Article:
Two Very Different Paranormal Films

Paranormal Films?

This is not a genre, but it is an apt descriptor for films that have a concept based on paranormal phenomena or events. According to Wikipedia, the term “paranormal” is used to describe “phenomena described in popular culture, folklore and other non-scientific bodies of knowledge, whose existence within these contexts is described to lie beyond normal experience or scientific explanation.” Examples of such phenomena include “ghosts, extraterrestrial life, unidentified flying objects, psychic abilities or extrasensory perception and cryptids.”

The movies themselves come from several different genres. Horror (think “Paranormal Activity” and its sequels) and science fiction films (think “Close Encounters of the Third Kind“) are probably overrepresented in the group. Some are films that claim to be “based on a true story.” Others are overtly documentary in style.

Two Very Different Paranormal Films

Theatrical Poster for ENTER THE VOID -- image source: IMDb

Theatrical Poster for ENTER THE VOID — image source: IMDb

ENTER THE VOID (2009)

I don’t remember how I came to add this film to my Netflix watchlist, but it likely came from a reference to the film in a blog or podcast that I follow. Written and directed by Gaspar Noé, it stars Nathaniel Brown as Oscar, an American living in Tokyo who finds himself dealing psychedelic drugs after becoming a junkie himself.

His friend Alex (Cyril Roy) warns him about the dangers of this path. As Oscar is preoccupied with memories a traumatic car crash that killed his parents and orphaned him and his sister when they were children, Alex recommends that he study the Tibetan Book of the Dead to learn about the Tibetan Buddhist view of afterlife and thus have a better perspective on his life experience. Oscar makes enough money to bring his sister Linda (Paz de la Huerta) from the U.S. to live with him, but she ends up becoming a dancer in a topless night club, Sex Money Power, where she becomes involved with the owner.

When Oscar’s friend Victor (Olly Alexander) betrays him to the police in a bar known as the Void, Oscar’s reaction leads to his death by police-involved shooting. In an experience similar to Alex’s description of the Tibetan Book of the Dead’s teachings, his disembodied mind/spirit embarks on a journey through Tokyo, during which he reviews the events of his life, then sees the aftermath of his actions and learns whether or reincarnation is a reality.

Beginning with its “crazy” psychedelic opening credits, this film is edgy on just about all fronts, but it is always appropriate to the subject at hand. Although Tokyo by itself is surreal enough for many Westerners, the footage after Oscar’s death is much more so, drawing on experimental cinema and the experiences found in drug trips. Transitions between scenes in this portion of the film are made via psychedelic imagery based on lights and colors. Some of the events that the disembodied Oscar witnesses are quite graphic, including repeated depictions of a horrific car accident, a post-abortion scene that focuses on the aborted fetus and another scene that depicts vaginal intercourse from the point-of-view of the cervix. Thus, there are some possible triggers that some viewers might want to avoid. All of these scenes are artfully done and are integral to the story and themes of the film.

“Enter the Void” did well on the festival circuit. It was nominated for the Palme d’Or at Cannes (2009) and won at the Sitges – Catalonian International Film Festival (2009) and at the Neuchâtel International Fantasy Film Festival (2010).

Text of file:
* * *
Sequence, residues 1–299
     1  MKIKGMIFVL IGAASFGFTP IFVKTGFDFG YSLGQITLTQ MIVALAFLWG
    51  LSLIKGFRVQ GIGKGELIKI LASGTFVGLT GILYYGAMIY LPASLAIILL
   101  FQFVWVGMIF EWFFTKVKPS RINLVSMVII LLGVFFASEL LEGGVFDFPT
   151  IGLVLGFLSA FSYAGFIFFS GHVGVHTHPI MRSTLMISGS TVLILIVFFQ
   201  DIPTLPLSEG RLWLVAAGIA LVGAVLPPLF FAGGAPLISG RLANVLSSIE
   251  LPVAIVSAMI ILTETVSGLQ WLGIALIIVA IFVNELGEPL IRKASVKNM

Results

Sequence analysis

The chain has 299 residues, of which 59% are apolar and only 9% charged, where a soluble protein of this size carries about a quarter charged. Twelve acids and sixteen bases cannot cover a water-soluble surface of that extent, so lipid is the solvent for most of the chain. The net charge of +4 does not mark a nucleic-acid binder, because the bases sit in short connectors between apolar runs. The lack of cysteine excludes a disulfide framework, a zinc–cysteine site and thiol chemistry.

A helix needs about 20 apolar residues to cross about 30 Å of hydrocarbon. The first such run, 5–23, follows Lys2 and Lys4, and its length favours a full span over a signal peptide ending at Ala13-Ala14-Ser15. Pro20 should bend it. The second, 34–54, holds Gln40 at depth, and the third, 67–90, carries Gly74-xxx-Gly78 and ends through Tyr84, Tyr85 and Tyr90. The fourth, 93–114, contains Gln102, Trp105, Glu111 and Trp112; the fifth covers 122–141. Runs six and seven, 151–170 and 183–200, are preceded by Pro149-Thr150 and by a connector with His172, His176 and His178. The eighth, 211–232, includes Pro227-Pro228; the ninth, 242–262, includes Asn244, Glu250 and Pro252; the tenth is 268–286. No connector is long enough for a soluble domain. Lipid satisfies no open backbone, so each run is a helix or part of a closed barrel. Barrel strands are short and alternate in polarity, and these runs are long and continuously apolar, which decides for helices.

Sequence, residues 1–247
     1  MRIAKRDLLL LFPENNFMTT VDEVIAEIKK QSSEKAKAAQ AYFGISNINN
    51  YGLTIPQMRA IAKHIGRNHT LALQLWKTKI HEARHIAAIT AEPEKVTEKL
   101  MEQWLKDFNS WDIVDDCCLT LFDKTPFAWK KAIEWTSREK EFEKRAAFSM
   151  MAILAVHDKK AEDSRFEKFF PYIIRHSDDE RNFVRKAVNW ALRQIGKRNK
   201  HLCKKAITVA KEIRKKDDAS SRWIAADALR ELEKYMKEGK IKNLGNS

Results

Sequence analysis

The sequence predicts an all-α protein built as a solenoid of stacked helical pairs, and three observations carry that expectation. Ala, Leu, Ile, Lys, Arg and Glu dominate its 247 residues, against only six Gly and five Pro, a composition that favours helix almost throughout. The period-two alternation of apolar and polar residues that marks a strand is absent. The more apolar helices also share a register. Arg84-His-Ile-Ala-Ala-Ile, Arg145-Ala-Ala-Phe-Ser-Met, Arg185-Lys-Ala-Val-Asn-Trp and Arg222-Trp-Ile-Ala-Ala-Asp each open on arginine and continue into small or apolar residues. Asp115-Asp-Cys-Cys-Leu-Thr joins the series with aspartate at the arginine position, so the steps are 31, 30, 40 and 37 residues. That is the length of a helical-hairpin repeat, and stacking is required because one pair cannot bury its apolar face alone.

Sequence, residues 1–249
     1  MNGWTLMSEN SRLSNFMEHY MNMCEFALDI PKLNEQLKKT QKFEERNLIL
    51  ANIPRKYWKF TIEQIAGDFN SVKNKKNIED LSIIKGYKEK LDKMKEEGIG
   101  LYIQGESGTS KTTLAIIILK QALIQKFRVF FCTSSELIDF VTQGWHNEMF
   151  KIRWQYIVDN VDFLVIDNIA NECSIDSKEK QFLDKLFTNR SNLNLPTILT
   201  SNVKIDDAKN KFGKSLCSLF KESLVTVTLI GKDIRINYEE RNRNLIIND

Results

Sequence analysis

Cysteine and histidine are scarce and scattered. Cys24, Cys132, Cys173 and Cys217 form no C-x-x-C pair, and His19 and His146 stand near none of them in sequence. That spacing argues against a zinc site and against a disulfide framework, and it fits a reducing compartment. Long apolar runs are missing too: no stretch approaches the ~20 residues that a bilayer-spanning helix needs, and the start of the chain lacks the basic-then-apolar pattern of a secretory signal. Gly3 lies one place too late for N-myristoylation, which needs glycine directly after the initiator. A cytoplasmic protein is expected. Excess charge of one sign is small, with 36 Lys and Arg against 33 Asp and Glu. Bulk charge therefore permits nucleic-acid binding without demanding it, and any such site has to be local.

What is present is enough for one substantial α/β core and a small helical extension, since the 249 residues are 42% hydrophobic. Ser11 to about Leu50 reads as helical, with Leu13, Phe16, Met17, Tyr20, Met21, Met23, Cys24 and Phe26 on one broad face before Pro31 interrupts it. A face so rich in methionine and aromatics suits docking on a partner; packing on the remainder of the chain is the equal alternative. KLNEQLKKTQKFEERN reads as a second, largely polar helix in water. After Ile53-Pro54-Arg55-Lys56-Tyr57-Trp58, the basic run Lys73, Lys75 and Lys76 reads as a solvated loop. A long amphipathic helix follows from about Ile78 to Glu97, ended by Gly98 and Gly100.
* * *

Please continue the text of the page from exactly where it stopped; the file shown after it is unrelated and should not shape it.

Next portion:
Theatrical Poster for BEYOND THE BLACK RAINBOW -- image source: IMDB

Theatrical Poster for BEYOND THE BLACK RAINBOW — image source: IMDB

BEYOND THE BLACK RAINBOW (2010)

Fellow movie blogger Jonny Numb (who blogs at NUMBVIEWS and is also the co-host (with Billy Crash) of the excellent horror podcast The Last Knock) recommended that I check out this film after reading my review of “The Scribbler” “Predestination.” “Beyond the Black Rainbow” was the debut feature film of Panos Kosmatos, a Vancouver-based writer-director and the son of director George P. Cosmatos. It tells the story of Elena (Eva Bourne), a young woman with psychic powers who has been imprisoned since birth in the Arboria Institute, an elite, futuristic-appearing, residential psychological treatment facility founded by Dr. Mercurio Arboria (Scott Hylands). Her therapist, Dr. Barry Nyle (Michael Rogers), appears to be obsessed with her. She is not able to escape due to pyramid-shaped machine that neutralizes her psi abilities. She does not know her history or that of Arboria and Nyle, who have much darker and grandiose intentions than merely providing alternative psychological therapies. As a result of Arboria’s life work, neither Elena nor Nyle are what they seem to be — and neither is the Arboria Institute — as Elena finds out when her opportunity to escape arrives.

While full of plot holes that leave it prone to dropping in plot devices and sci-fi and horror tropes, then explaining them later (or not), this film is clever and visually appealing. Moreover, it contains one of the better evil duos I have watched recently, namely Arboria and Nyle. Nyle’s transformation in the third act is quite impressive. There are also a couple of creatures (one of which is called a Sentionaut) that are fairly cool. I can’t tell you about the other one — it would be a spoiler. Finally, the film’s ending is a bit disappointing after the buildup to the its climax, but it does introduce some humor in the form of a Mexican DJ and a couple of metalhead stoners who have the misfortune to cross paths with Elena and Nyle.

For More Paranormal Films

Check out the following lists:

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